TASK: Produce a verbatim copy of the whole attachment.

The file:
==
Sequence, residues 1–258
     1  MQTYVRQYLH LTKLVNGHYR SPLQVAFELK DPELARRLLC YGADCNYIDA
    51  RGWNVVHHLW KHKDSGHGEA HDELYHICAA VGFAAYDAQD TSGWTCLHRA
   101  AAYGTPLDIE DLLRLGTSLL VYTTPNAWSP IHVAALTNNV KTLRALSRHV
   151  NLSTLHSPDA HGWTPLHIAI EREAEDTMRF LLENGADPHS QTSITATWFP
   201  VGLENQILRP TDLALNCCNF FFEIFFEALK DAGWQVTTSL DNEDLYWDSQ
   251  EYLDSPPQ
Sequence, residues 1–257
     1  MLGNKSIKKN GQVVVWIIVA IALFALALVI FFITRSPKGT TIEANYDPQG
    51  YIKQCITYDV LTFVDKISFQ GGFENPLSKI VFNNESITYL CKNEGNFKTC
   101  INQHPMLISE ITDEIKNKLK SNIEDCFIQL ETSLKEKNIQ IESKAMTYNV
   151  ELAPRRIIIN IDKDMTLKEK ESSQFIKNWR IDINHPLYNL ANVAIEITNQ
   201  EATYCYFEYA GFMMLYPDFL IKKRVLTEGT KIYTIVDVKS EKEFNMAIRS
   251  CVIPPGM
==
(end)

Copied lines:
Sequence, residues 1–258
     1  MQTYVRQYLH LTKLVNGHYR SPLQVAFELK DPELARRLLC YGADCNYIDA
    51  RGWNVVHHLW KHKDSGHGEA HDELYHICAA VGFAAYDAQD TSGWTCLHRA
   101  AAYGTPLDIE DLLRLGTSLL VYTTPNAWSP IHVAALTNNV KTLRALSRHV
   151  NLSTLHSPDA HGWTPLHIAI EREAEDTMRF LLENGADPHS QTSITATWFP
   201  VGLENQILRP TDLALNCCNF FFEIFFEALK DAGWQVTTSL DNEDLYWDSQ
   251  EYLDSPPQ
Sequence, residues 1–257
     1  MLGNKSIKKN GQVVVWIIVA IALFALALVI FFITRSPKGT TIEANYDPQG
    51  YIKQCITYDV LTFVDKISFQ GGFENPLSKI VFNNESITYL CKNEGNFKTC
   101  INQHPMLISE ITDEIKNKLK SNIEDCFIQL ETSLKEKNIQ IESKAMTYNV
   151  ELAPRRIIIN IDKDMTLKEK ESSQFIKNWR IDINHPLYNL ANVAIEITNQ
   201  EATYCYFEYA GFMMLYPDFL IKKRVLTEGT KIYTIVDVKS EKEFNMAIRS
   251  CVIPPGM